Pratt & Whitney and Rolls-Royce have announced plans to restructure International Aero Engines (IAE). Under this agreement, Rolls-Royce will sell its shareholding in IAE to Pratt & Whitney.

A possible offer of a portion of these shares to IAE partners MTU Aero Engines AG (MTU) and Japanese Aero Engines Corporation (JAEC) may be in the future. Pratt & Whitney will establish IAE’s future strategic direction with partners JAEC and MTU, and IAE will remain its own brand.

Rolls-Royce shall receive an agreed payment for each hour flown by the current installed fleet of V2500-powered aircraft for 15 years from completion of the transaction.

Rolls-Royce will continue to be responsible for the manufacture of high-pressure compressors, fan blades and discs, as well as the provision of engineering support and final assembly of 50 percent of V2500 engines.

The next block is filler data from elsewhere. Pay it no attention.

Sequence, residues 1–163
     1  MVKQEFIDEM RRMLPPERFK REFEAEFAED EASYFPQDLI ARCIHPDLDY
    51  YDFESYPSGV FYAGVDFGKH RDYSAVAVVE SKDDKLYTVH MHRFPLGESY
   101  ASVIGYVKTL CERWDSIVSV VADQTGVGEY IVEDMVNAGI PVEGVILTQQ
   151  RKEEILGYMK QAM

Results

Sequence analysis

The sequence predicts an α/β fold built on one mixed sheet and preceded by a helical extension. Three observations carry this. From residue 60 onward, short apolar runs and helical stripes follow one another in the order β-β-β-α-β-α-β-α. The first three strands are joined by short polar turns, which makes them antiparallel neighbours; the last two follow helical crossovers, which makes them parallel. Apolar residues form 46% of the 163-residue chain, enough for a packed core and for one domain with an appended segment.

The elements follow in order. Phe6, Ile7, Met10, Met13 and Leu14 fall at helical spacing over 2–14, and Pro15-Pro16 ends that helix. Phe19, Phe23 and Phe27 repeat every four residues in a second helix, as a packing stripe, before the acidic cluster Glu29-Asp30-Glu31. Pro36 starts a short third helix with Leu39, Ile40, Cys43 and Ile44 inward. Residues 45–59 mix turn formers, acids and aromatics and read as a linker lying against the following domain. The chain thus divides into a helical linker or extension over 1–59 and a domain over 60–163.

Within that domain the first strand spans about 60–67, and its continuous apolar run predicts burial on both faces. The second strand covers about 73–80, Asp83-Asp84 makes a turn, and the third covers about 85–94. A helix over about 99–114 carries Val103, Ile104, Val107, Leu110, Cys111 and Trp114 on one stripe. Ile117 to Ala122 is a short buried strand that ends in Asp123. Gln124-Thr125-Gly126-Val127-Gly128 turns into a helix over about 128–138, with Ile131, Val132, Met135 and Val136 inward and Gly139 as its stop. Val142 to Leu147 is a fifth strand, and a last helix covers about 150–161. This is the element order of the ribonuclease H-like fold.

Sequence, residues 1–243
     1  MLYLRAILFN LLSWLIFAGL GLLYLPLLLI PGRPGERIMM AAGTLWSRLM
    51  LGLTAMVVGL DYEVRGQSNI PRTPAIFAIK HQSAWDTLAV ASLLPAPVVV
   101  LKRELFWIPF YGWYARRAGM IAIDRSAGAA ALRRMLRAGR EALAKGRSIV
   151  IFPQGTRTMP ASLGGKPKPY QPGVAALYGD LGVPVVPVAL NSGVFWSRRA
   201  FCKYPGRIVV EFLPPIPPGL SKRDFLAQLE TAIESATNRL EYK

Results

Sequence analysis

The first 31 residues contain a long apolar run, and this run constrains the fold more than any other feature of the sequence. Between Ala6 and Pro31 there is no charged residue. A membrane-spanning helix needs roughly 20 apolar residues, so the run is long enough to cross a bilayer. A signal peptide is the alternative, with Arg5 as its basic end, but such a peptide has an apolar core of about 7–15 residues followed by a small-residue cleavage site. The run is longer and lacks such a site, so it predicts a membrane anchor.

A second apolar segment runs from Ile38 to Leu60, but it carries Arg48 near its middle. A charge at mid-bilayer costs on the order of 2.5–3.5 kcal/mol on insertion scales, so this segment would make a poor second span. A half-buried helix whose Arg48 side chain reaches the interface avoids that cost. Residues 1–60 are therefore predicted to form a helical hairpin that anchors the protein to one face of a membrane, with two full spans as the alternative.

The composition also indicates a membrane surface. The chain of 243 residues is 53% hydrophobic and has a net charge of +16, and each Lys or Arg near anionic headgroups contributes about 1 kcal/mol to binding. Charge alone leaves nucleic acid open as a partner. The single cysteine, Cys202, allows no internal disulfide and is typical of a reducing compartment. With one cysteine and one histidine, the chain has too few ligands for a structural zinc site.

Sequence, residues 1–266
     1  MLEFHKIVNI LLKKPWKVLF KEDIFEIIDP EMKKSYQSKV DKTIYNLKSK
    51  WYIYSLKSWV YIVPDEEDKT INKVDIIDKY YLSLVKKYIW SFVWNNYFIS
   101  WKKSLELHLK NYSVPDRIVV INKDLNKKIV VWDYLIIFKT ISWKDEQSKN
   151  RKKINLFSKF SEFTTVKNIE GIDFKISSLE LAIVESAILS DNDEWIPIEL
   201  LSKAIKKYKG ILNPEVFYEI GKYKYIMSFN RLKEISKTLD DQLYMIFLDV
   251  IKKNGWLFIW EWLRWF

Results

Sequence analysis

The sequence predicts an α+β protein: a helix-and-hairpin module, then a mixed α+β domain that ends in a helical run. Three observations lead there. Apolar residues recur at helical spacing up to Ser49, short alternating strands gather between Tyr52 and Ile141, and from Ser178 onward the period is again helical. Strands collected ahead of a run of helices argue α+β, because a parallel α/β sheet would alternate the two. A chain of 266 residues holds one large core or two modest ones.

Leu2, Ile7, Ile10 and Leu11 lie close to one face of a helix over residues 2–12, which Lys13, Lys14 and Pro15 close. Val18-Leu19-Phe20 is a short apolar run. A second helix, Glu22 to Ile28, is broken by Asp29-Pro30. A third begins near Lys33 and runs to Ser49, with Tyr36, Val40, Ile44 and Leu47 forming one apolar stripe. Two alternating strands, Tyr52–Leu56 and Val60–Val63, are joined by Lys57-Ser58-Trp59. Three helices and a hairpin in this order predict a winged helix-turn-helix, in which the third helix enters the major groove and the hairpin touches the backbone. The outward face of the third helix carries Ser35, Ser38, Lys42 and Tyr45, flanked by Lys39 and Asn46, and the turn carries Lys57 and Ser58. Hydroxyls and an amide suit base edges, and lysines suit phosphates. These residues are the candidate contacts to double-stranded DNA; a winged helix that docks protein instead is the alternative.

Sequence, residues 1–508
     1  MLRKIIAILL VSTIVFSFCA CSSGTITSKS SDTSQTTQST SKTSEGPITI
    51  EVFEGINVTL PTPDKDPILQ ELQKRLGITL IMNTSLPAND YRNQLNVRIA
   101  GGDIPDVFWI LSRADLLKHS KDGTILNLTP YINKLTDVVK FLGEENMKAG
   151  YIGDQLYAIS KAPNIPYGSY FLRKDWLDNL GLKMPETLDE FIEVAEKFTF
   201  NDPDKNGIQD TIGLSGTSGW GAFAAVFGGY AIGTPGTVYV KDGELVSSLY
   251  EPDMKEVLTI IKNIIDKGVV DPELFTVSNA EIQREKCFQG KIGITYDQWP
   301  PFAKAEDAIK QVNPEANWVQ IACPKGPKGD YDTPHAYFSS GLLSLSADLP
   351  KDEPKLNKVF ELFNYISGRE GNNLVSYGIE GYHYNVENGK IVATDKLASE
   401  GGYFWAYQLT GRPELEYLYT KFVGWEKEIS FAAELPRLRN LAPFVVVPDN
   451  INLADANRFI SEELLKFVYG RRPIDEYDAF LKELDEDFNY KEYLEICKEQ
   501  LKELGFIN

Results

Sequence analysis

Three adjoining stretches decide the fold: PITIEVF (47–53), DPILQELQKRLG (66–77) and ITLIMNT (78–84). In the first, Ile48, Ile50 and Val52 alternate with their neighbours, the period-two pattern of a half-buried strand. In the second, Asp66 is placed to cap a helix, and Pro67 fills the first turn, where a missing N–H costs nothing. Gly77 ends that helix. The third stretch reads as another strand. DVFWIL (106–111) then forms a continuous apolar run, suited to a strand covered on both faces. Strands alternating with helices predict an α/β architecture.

“This agreement positions IAE to best serve the needs of its current and future V2500 customers,” said Ian Aitken, president and chief executive officer of IAE.

Jim Guiliano, executive vice president of IAE, said, “The new structure allows for a more unified approach to market for the entire A320 family of aircraft.”

Pratt & Whitney and Rolls-Royce also announced an agreement to form a new partnership to power future mid-size aircraft. This collaboration will bring together the two companies’ complementary strengths and capabilities to offer the most competitive response to customer demand for the next generation powerplant for mid-size aircraft.

IAE is a multinational aero engine consortium whose shareholders comprise of Pratt & Whitney (NYSE: UTX), Rolls-Royce (RR.L.), Japanese Aero Engines Corporation and MTU Aero Engines. There are more than 6,000 V2500s in service or on order with nearly 200 customers around the world.